If $x$ has a ternary expansion $\sum \limits_{k=1}^{\infty}\dfrac{c_k}{3^k}$ where each $c_k\in \{0,2\}$ then $x$ belongs to Cantor set.

Proof: Suppose $x$ has a ternary expansion $\sum \limits_{k=1}^{\infty}\dfrac{c_k}{3^k}$ where each $c_k\in \{0,2\}$. We will show $x\in C$ by induction. Clearly $x\in C_0=[0,1]$ since $0\leqslant x \leqslant 1$. Next, if $c_1=0$, then $$x\leqslant (0.0222\dots)_3=(0.1)_3=\frac{1}{3}$$ On the other hand, if $c_1=2$, then $$x\geqslant (0.2000\dots)_3=(0.2)_3=\frac{2}{3},$$and hence, $x\in C_1$. Now we approach the inductive step.

Assume $x\in C_k$ for some $k\in \mathbb{N}$. Then $x$ is in any of the $2^k$ subintervals of $C_k$, each of the length $\frac{1}{3^k}$. WLOG, say $x\in [a,b]$. Since we remove the interior of the middle-thirds, we have two disjoint closed intervals, $$\left[a, a+\frac{1}{3^{k+1}}\right] \quad\text{and} \quad \left[b-\frac{1}{3^{k+1}}, b\right]$$If $c_{k+1}=0$, then $x=\sum \limits_{n=1}^{\infty}\dfrac{c_n}{3^n}\leqslant \sum \limits_{n=1}^{k}\dfrac{c_n}{3^n}+\dfrac{1}{3^{k+1}}$ and $x\in [a,b]$.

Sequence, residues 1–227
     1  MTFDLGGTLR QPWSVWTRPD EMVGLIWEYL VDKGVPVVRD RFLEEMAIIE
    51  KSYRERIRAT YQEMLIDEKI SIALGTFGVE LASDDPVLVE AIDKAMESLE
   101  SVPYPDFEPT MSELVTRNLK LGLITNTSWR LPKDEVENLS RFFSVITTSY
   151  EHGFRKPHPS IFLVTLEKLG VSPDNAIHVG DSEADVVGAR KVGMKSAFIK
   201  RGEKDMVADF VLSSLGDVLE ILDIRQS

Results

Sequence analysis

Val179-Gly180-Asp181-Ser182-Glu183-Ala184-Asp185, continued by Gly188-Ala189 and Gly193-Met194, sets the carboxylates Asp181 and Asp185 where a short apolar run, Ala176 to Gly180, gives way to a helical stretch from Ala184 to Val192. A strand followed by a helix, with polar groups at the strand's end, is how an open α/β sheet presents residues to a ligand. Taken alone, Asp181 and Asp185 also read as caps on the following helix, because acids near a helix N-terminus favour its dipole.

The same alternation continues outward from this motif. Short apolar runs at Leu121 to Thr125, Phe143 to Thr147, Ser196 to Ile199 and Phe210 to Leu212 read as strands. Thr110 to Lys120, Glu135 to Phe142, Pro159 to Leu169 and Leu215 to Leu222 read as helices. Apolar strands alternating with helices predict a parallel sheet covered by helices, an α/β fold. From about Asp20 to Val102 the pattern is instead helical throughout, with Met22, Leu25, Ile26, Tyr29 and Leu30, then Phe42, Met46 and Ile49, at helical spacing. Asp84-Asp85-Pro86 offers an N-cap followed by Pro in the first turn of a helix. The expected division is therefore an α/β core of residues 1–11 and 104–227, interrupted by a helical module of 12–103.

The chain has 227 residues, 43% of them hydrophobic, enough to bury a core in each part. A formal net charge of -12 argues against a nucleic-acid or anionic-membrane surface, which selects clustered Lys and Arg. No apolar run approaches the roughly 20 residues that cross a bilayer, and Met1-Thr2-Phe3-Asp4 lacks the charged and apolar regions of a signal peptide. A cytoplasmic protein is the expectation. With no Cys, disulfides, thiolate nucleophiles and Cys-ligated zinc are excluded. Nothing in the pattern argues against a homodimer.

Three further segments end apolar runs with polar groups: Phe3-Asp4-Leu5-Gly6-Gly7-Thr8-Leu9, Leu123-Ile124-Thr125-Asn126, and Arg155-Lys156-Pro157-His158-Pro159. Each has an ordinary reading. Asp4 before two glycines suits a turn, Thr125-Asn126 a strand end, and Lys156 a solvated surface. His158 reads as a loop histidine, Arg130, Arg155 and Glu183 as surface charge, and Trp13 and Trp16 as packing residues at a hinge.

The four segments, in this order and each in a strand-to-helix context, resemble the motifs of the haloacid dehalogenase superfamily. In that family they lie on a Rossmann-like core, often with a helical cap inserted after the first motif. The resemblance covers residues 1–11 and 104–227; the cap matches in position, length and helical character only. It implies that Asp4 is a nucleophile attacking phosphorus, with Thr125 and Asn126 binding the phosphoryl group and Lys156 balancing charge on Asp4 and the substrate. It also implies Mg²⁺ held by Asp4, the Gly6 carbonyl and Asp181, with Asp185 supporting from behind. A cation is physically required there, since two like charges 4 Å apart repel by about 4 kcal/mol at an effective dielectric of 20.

Why in this case the right side of inequality is $\leqslant a+\dfrac{1}{3^{k+1}}$?

  • $\begingroup$ Because $\sum\limits_{n=k+2}^\infty\frac2{3^n}=\frac1{3^{k+1}}$. $\endgroup$ – Did Aug 31 '15 at 20:12
  • $\begingroup$ @Did, I know this. I am asking why $\sum \limits_{n=1}^{k}\dfrac{c_n}{3^n}\leqslant a$ $\endgroup$ – ZFR Aug 31 '15 at 20:21
  • 2
    $\begingroup$ Actually, by construction, $\sum\limits_{n=1}^k\frac{c_n}{3^n}=a$... $\endgroup$ – Did Aug 31 '15 at 20:25
  • $\begingroup$ Is it also possible to argue that $x$ is removed in the $k$-th iteration only if $\alpha_k = 1$ for all ternary expansions of $x$? $\endgroup$ – David Nov 5 '15 at 19:37

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